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 Everett True

How (not) to make it in the music industry, part one

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The Legend at Cherry Red

All this talk of The Smiths reminds me.

It was 1983. The Smiths had just released ‘Hand In Glove’, and were clearly going to be mega.

Over in Tottenham, Alan McGee was putting the finishing touches to his master plan to ruin independent music for a generation. He’d already started his club (The Living Room), put out the debut single by The Legend! (which lost him so much money, he wasn’t able to release a follow-up till the following year) and released two issues of his fanzine, Communication Blur. Both issues had flexi-discs on the front, to help shift copies: and columns from The Legend!, to help keep sales under control. He was still working on the railways, but all his spare time was taken up organising the club and plotting. He asked me to take over the editorship of his fanzine, with equal contributions from four other people (himself, Bobby Gillespie, I can’t recall the other two). He had a great idea to help it go national. Geoff Travis of Rough Trade Records had offered him a Smiths track for the next flexi-disc.

“It’ll sell 10,000 copies Jerry!” he remarked excitedly.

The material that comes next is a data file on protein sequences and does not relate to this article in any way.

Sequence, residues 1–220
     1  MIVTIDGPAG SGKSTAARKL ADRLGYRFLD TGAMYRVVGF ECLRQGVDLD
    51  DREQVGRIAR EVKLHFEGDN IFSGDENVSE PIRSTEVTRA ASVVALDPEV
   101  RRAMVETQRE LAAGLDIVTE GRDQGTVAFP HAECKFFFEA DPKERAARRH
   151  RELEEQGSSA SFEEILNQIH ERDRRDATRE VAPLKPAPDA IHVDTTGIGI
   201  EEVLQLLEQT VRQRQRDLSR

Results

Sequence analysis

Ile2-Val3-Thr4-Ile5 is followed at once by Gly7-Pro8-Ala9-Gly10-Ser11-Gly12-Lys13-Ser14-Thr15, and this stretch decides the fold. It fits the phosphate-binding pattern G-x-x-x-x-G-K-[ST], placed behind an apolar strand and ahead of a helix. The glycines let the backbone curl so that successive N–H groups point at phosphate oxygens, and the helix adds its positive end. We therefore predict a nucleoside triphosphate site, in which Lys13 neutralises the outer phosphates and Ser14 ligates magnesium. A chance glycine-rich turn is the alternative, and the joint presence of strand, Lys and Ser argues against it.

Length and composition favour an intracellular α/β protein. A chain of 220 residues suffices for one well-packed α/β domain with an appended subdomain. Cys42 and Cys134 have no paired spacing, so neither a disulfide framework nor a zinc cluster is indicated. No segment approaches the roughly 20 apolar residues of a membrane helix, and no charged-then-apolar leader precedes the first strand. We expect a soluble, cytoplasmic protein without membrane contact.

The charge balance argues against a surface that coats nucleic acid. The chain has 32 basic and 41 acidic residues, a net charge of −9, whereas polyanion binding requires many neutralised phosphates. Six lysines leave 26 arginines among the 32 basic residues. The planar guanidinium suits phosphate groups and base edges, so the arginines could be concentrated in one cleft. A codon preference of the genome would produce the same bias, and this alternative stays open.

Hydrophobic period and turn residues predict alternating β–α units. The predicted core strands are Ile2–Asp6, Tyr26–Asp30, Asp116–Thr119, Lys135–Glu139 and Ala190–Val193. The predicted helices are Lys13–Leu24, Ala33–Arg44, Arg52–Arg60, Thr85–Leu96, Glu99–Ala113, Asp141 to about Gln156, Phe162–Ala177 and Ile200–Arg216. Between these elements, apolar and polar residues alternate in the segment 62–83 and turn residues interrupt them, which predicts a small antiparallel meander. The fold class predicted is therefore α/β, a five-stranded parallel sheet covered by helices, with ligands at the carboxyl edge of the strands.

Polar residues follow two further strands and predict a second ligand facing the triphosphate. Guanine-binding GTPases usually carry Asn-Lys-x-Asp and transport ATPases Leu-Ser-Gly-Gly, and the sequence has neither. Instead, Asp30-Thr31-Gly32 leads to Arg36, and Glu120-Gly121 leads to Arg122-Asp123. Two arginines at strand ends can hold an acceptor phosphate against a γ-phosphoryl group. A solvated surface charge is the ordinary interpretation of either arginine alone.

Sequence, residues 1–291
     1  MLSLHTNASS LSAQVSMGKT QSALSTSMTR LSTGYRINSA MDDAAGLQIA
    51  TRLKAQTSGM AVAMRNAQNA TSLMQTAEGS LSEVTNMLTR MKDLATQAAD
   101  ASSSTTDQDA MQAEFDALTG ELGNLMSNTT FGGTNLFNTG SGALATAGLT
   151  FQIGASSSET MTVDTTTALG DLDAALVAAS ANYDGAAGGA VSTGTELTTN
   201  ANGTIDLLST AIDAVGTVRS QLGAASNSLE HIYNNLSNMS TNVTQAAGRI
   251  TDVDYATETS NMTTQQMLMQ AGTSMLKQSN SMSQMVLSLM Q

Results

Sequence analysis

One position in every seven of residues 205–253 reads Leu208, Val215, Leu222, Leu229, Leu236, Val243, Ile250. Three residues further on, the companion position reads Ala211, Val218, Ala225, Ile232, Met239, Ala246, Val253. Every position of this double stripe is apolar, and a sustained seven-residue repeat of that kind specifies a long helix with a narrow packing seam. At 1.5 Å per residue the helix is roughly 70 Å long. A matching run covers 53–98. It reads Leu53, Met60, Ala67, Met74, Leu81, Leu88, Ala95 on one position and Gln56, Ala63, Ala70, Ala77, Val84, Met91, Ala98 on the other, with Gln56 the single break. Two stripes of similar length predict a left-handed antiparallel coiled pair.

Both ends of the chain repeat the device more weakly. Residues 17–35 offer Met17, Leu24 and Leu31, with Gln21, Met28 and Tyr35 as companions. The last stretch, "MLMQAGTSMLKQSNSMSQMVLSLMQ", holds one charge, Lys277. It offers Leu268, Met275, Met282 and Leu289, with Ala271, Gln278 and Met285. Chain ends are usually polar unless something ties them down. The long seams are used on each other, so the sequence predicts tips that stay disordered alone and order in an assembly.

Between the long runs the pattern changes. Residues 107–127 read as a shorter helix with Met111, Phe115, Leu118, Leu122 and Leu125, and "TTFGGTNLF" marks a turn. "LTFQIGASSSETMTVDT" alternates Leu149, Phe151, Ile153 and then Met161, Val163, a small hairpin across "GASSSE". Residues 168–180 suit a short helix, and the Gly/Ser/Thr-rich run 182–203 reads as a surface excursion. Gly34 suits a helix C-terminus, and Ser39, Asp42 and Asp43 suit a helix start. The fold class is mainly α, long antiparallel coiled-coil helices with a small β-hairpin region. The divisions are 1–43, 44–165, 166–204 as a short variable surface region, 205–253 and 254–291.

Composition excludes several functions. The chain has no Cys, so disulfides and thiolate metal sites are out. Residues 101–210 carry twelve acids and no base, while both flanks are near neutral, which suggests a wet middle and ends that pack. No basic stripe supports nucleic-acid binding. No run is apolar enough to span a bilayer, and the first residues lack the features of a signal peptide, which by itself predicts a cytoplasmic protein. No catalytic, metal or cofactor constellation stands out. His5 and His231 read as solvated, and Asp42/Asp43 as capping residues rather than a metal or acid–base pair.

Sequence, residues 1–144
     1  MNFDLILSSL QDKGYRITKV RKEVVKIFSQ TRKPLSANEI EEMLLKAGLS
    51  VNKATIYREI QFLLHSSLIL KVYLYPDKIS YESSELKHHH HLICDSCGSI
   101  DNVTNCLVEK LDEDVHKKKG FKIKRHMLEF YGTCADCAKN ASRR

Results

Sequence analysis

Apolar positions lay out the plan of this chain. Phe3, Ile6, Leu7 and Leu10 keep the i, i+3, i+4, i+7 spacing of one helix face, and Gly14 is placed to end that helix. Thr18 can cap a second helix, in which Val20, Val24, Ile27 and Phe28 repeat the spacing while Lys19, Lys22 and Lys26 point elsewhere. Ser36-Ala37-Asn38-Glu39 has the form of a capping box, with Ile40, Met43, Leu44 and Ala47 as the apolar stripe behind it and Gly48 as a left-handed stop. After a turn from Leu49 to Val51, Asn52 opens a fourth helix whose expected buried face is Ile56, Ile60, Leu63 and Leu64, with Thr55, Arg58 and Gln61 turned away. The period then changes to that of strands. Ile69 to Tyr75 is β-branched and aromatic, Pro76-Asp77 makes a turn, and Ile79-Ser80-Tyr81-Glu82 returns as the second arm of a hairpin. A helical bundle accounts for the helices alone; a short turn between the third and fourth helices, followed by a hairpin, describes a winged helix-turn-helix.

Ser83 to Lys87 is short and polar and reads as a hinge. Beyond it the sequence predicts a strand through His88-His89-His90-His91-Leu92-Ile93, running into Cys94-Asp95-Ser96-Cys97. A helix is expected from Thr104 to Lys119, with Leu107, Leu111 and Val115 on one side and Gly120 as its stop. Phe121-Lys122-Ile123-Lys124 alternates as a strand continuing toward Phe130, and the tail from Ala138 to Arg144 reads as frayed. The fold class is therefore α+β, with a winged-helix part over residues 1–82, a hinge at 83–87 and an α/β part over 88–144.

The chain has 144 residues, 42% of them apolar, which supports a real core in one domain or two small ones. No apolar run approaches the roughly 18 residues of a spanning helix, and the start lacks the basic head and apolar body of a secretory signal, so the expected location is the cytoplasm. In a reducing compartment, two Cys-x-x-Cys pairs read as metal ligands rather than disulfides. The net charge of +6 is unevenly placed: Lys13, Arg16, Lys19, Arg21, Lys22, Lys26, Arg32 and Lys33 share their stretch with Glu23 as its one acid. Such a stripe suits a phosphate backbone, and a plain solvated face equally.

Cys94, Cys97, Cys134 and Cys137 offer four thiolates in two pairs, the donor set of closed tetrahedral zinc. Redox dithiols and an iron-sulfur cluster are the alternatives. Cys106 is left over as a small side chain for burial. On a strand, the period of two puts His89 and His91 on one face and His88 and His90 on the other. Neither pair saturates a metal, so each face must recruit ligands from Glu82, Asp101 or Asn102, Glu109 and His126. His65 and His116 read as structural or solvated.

“But I don’t like The Smiths.”

(I thought they were fine at that point, actually: had caught them live, third on the bill to Sisters Of Mercy and The Laughing Clowns, but didn’t like the way the hype was being lined up.)

“But it’ll sell 10,000 copies!!!”

“I fucking hate The Smiths.”

The flexi-disc never materialised, the third issue of Communication Blur never came out, I took the stuff I’d written for it and started my own fanzine, shortly to fall out irretrievably with Alan over something I’d written (and should have said to his face, rather than write it).

Alan McGee, The Smiths and Geoff Travis went on to become very successful indeed. Rough Trade Records nearly went bankrupt. And me … well, I’m studying how to learn to be a music critic and surviving on benefits. At the age of 50.

As Alan put it last year: “The main difference between you and me is 30 million pounds”. It was the first time we’d been in contact (albeit briefly) in 25 years.

NEXT WEEK: How I refused to write a book with Kurt Cobain until he got “less famous”.

Illustration: Dave ‘The Very Busy Man’ Smith

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